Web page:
REPLACEMENT CONTRACTOR online recently published an interview with Washington state assistant attorney general Jack Zurlini Jr. Mr. Zurlini has filed, so far, eight civil suits against home improvement companies, charging deceptive sales and marketing practices. We recently interviewed Dave Yoho of Dave Yoho Associates, a consultant with more than 60 years experience in the home improvement industry and the author of Why Buy Replacement Windows?, about the suits, their resolution, and the implications for home improvement companies.

Dave Yoho Associates hosts a teleseminar on this and other topics on December 16. To register see http://www.daveyoho.com/teleseminar. Or go to his company's website: www.daveyoho.com. Reach him at dave@daveyoho.com.

Replacement Contractor: You've been in the home improvement industry a long time. Are these types of investigations and suits new?

Dave Yoho: In their format they're new. But they go back. There were suits instituted in the '50s and '60s that involved Sears, Roebuck [& Co.] that were based on how you could advertise a sale or how long you could advertise the same sale. This series of lawsuits in Washington [state] is the first I've seen since then that have really put a target on this industry.

RC: Are these charges valid or not?

DH: I can't speak for all of them. In the first case, at least, I read the charges and it seemed that there was some justification.

RC: You're speaking of Evans Glass, in Seattle, which is now out of business?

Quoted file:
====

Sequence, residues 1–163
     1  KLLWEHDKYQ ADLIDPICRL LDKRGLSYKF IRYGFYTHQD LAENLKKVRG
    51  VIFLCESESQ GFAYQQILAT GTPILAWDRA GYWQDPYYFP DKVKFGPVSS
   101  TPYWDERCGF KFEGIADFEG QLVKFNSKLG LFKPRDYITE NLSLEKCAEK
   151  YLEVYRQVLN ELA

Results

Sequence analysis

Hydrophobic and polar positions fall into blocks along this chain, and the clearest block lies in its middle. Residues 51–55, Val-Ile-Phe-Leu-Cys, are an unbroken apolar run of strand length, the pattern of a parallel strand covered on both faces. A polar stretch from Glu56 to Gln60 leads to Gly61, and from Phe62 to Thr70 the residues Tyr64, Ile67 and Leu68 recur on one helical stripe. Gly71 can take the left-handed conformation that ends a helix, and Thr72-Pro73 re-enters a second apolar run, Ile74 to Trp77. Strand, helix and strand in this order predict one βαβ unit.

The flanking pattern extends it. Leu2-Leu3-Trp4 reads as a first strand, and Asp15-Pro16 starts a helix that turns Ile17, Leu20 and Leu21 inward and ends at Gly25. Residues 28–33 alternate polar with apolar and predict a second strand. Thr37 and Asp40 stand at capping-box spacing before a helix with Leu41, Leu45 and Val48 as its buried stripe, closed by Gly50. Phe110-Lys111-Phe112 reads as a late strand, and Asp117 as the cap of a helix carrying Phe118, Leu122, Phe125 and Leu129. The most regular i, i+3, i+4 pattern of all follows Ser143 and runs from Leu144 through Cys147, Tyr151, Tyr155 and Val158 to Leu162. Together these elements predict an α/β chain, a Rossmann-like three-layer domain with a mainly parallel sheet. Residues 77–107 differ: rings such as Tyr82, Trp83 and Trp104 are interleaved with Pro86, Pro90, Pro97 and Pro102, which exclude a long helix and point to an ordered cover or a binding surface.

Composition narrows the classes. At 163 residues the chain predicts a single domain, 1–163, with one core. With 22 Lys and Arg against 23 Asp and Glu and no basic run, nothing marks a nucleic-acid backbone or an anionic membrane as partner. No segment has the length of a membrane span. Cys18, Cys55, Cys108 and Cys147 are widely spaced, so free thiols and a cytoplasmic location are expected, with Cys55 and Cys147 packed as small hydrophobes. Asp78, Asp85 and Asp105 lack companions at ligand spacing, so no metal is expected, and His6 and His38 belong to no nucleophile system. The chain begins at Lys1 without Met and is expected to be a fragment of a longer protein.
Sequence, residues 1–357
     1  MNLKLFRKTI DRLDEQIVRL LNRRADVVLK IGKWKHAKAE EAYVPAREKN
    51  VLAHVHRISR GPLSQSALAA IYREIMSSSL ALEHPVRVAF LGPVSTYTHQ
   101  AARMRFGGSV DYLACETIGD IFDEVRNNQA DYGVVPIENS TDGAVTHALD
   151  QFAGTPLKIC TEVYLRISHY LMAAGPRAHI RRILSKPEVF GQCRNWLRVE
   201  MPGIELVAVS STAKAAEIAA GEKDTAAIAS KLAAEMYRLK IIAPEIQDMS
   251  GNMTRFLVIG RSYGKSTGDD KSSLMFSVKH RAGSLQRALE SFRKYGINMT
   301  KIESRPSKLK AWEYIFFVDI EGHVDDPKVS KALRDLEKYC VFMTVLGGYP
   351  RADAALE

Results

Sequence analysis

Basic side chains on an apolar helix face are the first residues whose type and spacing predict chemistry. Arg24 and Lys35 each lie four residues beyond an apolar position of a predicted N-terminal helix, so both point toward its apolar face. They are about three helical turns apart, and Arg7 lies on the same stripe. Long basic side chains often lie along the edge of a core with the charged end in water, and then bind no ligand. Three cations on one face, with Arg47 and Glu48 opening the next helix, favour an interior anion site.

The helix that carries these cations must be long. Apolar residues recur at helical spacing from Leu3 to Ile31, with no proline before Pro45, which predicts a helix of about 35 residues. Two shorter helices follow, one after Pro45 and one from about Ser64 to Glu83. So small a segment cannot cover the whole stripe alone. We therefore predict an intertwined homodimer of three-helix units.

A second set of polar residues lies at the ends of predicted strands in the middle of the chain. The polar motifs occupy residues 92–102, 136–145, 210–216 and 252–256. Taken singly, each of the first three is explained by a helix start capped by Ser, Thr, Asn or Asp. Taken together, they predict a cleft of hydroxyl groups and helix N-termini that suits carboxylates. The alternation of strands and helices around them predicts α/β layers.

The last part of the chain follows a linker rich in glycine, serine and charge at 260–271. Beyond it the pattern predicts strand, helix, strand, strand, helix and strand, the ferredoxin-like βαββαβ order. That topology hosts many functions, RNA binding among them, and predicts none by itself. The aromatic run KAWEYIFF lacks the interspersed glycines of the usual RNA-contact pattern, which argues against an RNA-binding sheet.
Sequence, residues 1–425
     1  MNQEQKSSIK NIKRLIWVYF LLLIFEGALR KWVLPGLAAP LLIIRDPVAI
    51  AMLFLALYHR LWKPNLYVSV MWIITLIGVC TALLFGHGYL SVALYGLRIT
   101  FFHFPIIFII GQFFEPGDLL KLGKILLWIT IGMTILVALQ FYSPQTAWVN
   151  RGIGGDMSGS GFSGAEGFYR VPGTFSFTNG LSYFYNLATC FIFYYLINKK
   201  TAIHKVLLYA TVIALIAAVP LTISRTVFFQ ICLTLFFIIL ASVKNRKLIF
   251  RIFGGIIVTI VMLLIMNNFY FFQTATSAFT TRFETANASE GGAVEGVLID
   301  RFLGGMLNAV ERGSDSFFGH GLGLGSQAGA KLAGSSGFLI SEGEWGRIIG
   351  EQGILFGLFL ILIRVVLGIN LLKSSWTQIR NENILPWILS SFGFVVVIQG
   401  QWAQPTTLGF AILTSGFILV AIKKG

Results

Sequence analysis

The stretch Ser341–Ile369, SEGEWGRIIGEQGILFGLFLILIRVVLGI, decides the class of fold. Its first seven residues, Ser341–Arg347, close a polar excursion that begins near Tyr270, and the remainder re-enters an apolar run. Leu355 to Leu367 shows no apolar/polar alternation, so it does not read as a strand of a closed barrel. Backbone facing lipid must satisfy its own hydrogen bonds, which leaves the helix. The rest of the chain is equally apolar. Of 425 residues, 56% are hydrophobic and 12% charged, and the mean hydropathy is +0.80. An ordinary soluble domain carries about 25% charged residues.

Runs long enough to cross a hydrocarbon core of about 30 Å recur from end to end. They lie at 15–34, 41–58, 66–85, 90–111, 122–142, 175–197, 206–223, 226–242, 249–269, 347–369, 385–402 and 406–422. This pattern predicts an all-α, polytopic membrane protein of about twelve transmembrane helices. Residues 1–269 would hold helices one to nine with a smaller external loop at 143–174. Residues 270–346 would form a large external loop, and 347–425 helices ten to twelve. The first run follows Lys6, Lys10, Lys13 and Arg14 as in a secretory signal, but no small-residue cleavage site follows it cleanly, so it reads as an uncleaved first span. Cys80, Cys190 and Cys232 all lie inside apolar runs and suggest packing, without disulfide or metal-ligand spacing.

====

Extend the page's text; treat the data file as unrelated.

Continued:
DY: Correct. They were giving poor customer service, misrepresenting information, and misleading their prospects. I think what happened then was that the attorney general began to examine the practices of other home improvement companies.

Selling Energy Efficiency Fair and Square

RC: The charges in the eight civil suits filed so far range over a variety of practices involving rescission, mold, claims that subcontractors are employees when they're not, etc. But all have these two practices in common: exaggerated or unsubstantiated claims of energy savings and use of what's called "false-reference pricing" to set the stage for radical price drops that create urgency and an impulsive first-night sale. Let's start with energy savings. Clearly, depending on the product, new windows and doors contribute to the energy efficiency of a house. But how does a home improvement salesperson talk about that with homeowners in either his company's advertising or his sales pitch without running afoul of the law? What claims are permitted and which could be considered deceptive?

DY: Let me go back to how they were advertising it. One company, for instance, was advertising "savings up to 40%." If you're marketing a window and you're claiming that it can save up to 40%, what does that pertain to? Forty percent of what? The other thing is that the only window that the Department of Energy certifies through Energy Star as saving 40% is an R-5 window. And many of the windows sold are not R-5, but they're saying, "savings up to 40%."

Now there is a common practice out there and that practice is wrong: And that's where the salesperson implies or suggests that new windows can save 40% on a homeowner's utility bills. That's not the way it works.

The way it works is that you take that portion of the bill that relates to heating, ventilating, and air conditioning and use that as your base factor. Windows don't have anything to do with the electricity consumed by lights or a hot water heater. What the [Washington state attorney general] was talking about was companies giving homeowners misinformation on paybacks. I have no way of knowing what they did in the home, but that's what [the attorney general] is saying.

The fact is, old windows create heat loss or, in warm climates, heat gain. They represent 15% to 18% of your wall area. And no matter how well your house is insulated, that's where your heat is going to come and go. So the window company needs to be precise here rather than sloppy with that data. Don't play lightly on that and allow salespeople to use their imaginations.

RC: So is any type of energy savings claim valid from a legal standpoint?